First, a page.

Taking it to the Tweets: The fight to end hunger goes viral
Starting today, Oxfam is working together with a big group of other NGOs to raise the volume on the issue—so loud that G8 leaders can’t ignore it. Join us in taking the fight against hunger and poverty to Twitter!April 19th, 2012 | by Guest Blogger
Victoria Marzilli is Oxfam America’s New Media Specialist focusing on social media.
In less than a month, leaders of the top eight economies of the world will gather in the secluded Camp David locale for the 38th annual G8 Summit—a forum for discussion on today’s most pressing issues. This year, top priorities include food security and agriculture—and for a few good reasons! Hunger is the world’s number one health risk with one in seven people going hungry. Fighting for food security initiatives at the G8 is just one part of Oxfam’s GROW campaign to build a better food system that sustainably feeds a growing population and empowers poor people to earn a living, feed their families, and thrive.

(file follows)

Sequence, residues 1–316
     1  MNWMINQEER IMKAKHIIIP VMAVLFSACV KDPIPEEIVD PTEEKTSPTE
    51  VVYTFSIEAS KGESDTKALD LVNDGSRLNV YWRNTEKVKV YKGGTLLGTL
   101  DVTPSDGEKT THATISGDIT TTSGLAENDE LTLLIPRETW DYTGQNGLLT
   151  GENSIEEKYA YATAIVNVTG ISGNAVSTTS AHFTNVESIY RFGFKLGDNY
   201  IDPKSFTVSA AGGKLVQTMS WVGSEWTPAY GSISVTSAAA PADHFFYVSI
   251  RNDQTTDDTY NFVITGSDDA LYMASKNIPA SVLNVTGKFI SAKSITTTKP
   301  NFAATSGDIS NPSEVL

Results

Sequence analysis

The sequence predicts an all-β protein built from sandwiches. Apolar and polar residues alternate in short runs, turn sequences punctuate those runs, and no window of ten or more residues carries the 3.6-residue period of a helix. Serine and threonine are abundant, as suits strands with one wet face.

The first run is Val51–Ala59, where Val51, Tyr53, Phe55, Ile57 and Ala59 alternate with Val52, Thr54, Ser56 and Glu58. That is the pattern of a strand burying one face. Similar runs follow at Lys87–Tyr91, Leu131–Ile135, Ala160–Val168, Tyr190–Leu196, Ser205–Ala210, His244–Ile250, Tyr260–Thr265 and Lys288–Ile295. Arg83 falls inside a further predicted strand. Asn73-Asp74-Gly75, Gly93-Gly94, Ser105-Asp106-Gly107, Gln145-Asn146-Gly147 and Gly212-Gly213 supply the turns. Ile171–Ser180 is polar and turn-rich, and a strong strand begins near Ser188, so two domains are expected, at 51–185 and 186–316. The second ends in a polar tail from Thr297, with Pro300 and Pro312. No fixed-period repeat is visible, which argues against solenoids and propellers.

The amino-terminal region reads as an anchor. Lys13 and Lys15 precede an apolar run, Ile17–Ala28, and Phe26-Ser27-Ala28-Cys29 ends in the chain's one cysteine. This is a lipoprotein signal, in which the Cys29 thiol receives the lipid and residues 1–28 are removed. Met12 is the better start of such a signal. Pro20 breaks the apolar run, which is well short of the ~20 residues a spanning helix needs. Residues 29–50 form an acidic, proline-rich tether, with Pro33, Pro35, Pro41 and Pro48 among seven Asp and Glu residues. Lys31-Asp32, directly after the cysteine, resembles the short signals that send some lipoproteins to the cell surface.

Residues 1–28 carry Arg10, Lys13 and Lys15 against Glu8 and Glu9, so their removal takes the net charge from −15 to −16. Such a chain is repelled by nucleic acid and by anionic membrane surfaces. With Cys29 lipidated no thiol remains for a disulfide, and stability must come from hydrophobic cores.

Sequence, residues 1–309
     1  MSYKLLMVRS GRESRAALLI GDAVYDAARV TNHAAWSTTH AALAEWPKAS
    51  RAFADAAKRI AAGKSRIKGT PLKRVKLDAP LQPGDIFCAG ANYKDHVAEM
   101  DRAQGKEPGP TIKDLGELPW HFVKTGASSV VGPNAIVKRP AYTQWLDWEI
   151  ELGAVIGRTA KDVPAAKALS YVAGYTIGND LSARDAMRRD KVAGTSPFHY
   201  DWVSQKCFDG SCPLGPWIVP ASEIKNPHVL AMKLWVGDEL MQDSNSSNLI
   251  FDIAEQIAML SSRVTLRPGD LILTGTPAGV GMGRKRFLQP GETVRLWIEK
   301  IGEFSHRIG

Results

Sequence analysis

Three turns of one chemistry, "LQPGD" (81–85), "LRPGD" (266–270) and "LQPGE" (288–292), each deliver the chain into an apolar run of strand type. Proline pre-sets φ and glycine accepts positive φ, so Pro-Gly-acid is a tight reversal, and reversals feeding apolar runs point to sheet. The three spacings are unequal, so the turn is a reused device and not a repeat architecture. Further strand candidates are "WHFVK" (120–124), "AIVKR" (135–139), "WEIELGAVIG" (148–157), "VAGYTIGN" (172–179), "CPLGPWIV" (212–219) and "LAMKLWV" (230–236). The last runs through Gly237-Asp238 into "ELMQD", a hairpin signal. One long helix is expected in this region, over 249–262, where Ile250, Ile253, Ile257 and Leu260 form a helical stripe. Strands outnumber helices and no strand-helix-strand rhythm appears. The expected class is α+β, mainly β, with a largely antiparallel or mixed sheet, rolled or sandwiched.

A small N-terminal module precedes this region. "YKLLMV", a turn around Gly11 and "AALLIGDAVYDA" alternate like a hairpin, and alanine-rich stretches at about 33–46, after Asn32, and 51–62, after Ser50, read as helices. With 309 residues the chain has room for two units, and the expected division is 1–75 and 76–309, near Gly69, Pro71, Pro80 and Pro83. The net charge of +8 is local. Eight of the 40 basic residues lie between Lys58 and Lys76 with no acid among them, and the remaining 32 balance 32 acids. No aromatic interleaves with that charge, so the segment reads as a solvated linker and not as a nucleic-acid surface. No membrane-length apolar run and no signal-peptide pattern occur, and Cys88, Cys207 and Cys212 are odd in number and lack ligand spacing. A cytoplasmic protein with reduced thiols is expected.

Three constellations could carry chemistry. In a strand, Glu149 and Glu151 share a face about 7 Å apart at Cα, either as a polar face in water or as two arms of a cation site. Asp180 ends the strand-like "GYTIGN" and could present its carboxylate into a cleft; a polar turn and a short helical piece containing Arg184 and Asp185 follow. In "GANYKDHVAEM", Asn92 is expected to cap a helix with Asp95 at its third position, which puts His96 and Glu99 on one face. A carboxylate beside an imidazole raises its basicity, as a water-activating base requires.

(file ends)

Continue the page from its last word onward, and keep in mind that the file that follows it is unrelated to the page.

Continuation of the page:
In addition, the deadline is up for commitments made at the 2009 G8 Summit in L’Aquila—and G8 countries need to move forward with a bold food security initiative that helps 50 million people lift themselves out of poverty through agriculture with a $30 billion commitment over three years. While we’re thankful that food security and agriculture are going to be discussed, we need to make sure that leaders deliver more than just empty promises; 50 million lives depend on it.
So starting today, Oxfam is working together with a big group of other NGOs including Save the Children, ONE, InterAction, and many more, to raise the volume on the issue —so loud that G8 leaders can’t ignore it.
Join us in taking the fight against hunger and poverty to Twitter!
A moment like this could be a turning point for the millions of small-scale farmers working hard every day to fight poverty and hunger, but it’s up to us to hold our leaders accountable.
Take action with us to speak up and ask President Obama to lead the G8 to keep their promises. Click the links below to tweet at the @WhiteHouse!
You can also send a message to President Obama here and follow all of the conversation by searching #DearG8 on Twitter. And don’t stop there. Share the action with friends on Facebook, at work, and at school!
Since 2009, thirty poor countries have risen to the challenge: they have developed plans to improve agriculture and food security in their countries. Now Obama needs to lead the G8 to keep their promise and play their part.